Screenplay: Mark Godden (Based on the novel by Bram Stoker)
Cast: Zhang Wei-Qiang (as Dracula); Tara Birtwhistle (as Lucy Westenra); David Moroni (as Dr. Van Helsing); Cindy Marie Small (as Mina); Johnny Wright (as Jonathan Harker)
Synopsis: A ballet adaptation of Bram Stoker's Dracula reinterpreted for film by the Canadian director Guy Maddin.
Maddin qualifies as someone who lives in his own bubble of filmic influences. When some imitate silent cinema tropes, from the intertitles to lack of colour, they come off as tactless or hollow like The Artist (2011). With Maddin these tropes become his own trademark, populated by men possessed by the blue hands of his lover's dead father, a town in the mountain where no one can make loud noises in case an avalanche is caused, and various sleepwalkers, horses frozen dead in a river, fairies and deviants wandering the Canadian environments. The aesthetics and production values of old cinema are re-used in a new context be it on film or digital camera to create his own worlds. It makes sense in context for him to interpret a ballet production of Dracula through this same vision.
The story is the same as other adaptations, official or not, if condensed. Count Dracula (Wei-Qiang) is a vampire who travels to England and starts terrorising women like Lucy Westenra (Birtwhistle) in her sleep and draining her blood, his eyes set on Mina (Small) as well. Only Van Helsing (Moroni), Lucy's three suitors and, later on, John Harker (Wright), Mina's fiancée, can stop the Count. It's difficult to write about the film in some ways as its effectively a recorded performance of the ballet but filtered through Maddin's visual style. Ballet and dance are art forms that I have little knowledge on, still to learn of, but it would pretty obvious and necessary to state that the movements and choreography are deliberately stylised in ballet, metaphorical to represent emotions and incidents. Dracula is an unconventional choice to adapt into dance, a gothic tale of a being that stalks victims in the night, but as you see in this film it works exceptionally well. Aspects of the story, from the seduction of victims by Dracula to the act of having to kill a vampire by staking them, in this case with giant metal spears, are interpreted anew through the movements of the dancers with immense clearness to what is taking place, be in a group synchronised dance or between two people or just one person by themself. Maddin's style adds an eccentricity to the content, shot in black-and-white with striking use of colour added to scenes afterwards. He switches between elaborate use of editing and camera moments to letting the camera stay still to capture parts of the dances in full.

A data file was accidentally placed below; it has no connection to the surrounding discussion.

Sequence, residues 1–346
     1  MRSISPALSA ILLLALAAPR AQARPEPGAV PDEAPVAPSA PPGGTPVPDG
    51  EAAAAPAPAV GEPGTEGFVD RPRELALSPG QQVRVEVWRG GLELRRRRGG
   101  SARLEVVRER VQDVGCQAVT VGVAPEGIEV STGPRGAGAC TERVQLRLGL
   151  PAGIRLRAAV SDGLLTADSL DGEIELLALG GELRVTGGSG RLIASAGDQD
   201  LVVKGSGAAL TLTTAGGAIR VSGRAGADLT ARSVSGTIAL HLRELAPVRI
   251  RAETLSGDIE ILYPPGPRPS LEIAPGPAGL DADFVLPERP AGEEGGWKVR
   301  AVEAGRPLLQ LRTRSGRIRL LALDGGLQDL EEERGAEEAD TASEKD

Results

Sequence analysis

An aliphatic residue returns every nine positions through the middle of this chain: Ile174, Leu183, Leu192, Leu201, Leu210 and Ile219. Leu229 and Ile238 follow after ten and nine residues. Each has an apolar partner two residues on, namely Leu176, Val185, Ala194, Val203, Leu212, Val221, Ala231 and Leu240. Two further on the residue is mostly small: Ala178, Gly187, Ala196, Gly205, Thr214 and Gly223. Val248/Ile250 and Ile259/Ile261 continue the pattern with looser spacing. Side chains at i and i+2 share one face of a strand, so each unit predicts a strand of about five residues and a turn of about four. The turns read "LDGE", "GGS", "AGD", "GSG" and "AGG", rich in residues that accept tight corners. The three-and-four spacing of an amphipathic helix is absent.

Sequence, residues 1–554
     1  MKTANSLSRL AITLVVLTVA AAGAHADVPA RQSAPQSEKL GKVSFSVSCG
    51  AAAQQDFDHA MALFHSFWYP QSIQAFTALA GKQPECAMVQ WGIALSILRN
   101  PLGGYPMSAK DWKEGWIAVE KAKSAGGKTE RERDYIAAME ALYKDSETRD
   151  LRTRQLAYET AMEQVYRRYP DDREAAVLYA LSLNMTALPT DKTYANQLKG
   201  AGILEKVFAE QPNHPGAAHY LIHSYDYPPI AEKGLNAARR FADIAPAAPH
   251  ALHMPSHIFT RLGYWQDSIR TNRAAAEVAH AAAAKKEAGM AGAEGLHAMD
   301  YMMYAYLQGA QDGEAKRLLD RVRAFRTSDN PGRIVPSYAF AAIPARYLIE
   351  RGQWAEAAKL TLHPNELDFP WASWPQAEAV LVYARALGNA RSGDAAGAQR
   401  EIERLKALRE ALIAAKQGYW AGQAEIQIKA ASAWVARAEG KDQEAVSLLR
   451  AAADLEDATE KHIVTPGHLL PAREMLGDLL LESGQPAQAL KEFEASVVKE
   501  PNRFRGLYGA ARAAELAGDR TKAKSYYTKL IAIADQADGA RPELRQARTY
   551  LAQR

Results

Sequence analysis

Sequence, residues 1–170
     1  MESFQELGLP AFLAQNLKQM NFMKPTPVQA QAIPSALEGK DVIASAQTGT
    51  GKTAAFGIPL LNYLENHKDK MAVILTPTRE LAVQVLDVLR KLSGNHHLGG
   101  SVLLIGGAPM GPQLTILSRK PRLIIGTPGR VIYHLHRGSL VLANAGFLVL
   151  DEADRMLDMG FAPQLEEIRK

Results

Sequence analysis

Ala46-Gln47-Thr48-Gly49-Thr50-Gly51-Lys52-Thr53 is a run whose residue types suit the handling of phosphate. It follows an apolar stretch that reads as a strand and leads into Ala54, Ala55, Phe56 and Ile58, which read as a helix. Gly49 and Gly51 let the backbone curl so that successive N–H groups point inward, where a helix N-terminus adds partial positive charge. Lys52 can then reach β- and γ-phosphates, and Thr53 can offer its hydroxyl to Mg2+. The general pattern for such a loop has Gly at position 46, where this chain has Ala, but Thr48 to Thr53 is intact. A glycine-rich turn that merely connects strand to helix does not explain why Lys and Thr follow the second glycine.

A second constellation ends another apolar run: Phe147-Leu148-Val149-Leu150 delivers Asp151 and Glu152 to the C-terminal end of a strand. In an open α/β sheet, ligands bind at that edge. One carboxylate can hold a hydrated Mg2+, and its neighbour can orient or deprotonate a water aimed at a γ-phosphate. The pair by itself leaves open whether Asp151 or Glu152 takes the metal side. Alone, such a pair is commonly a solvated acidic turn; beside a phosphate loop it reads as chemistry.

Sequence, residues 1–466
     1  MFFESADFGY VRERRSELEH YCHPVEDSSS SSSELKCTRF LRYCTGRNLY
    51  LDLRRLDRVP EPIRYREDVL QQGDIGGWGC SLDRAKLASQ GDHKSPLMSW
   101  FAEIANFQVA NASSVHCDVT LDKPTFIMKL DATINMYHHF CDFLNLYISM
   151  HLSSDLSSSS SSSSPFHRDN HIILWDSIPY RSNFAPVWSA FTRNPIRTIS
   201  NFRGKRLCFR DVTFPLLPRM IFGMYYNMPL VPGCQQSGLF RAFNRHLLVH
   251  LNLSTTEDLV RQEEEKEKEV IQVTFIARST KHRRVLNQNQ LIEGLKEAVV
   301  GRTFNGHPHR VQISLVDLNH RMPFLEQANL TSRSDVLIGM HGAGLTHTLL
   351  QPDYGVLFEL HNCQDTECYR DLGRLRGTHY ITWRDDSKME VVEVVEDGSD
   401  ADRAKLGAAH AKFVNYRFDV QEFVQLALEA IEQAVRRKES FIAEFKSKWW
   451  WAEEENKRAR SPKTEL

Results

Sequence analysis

Maddin drastically condenses the Dracula story through a heightened style of editing, elaborate camera techniques and a lot of intertitles. This is not necessarily the best way to begin with Dracula in film form, still sumptuous but really requiring you either go with what plot there is or to have knowledge of the story already entering it, even if it's another adaptation like Francis Ford Coppola's or the unofficial classic version Nosferatu (1922). Maddin's films have a homemade quality to them as well, in his enclosed artificial sets depicting a reality completely separate from ours.
Abstract Spectrum: Fantastique
Abstract Rating (High/Medium/Low/None): None
If there's one flaw with Dracula: Pages From A Virgin's Diary, it's that it doesn't reach the delirium of other Maddin films. Tropes of Maddin's work are here - the use of ballet itself, a sick person confided in a casket-like rest chamber - and there are strange images to behold like demonic imps jumping on a bed to someone bleeding gold coins, but his style and obsessions take a backseat here rather than stand out. Having to be faithful to the original ballet is for me why this is, restricting him in what he can do. The gracefulness of the ballet undercuts the abstractness of his work on the film as well even if it's still beautiful.
I use to hold Dracula: Pages From A Virgin's Diary as Guy Maddin's weakest feature film from those I've seen. I've nearly seen them all for reference, even his apparent failure with well known actors, Twilight of the Ice Nymphs (1997), immensely more magical and better in content than this film. But I'm growing fonder of Dracula, more so now I can appreciate what it was intending to do and as part of the Maddin world alongside the other films.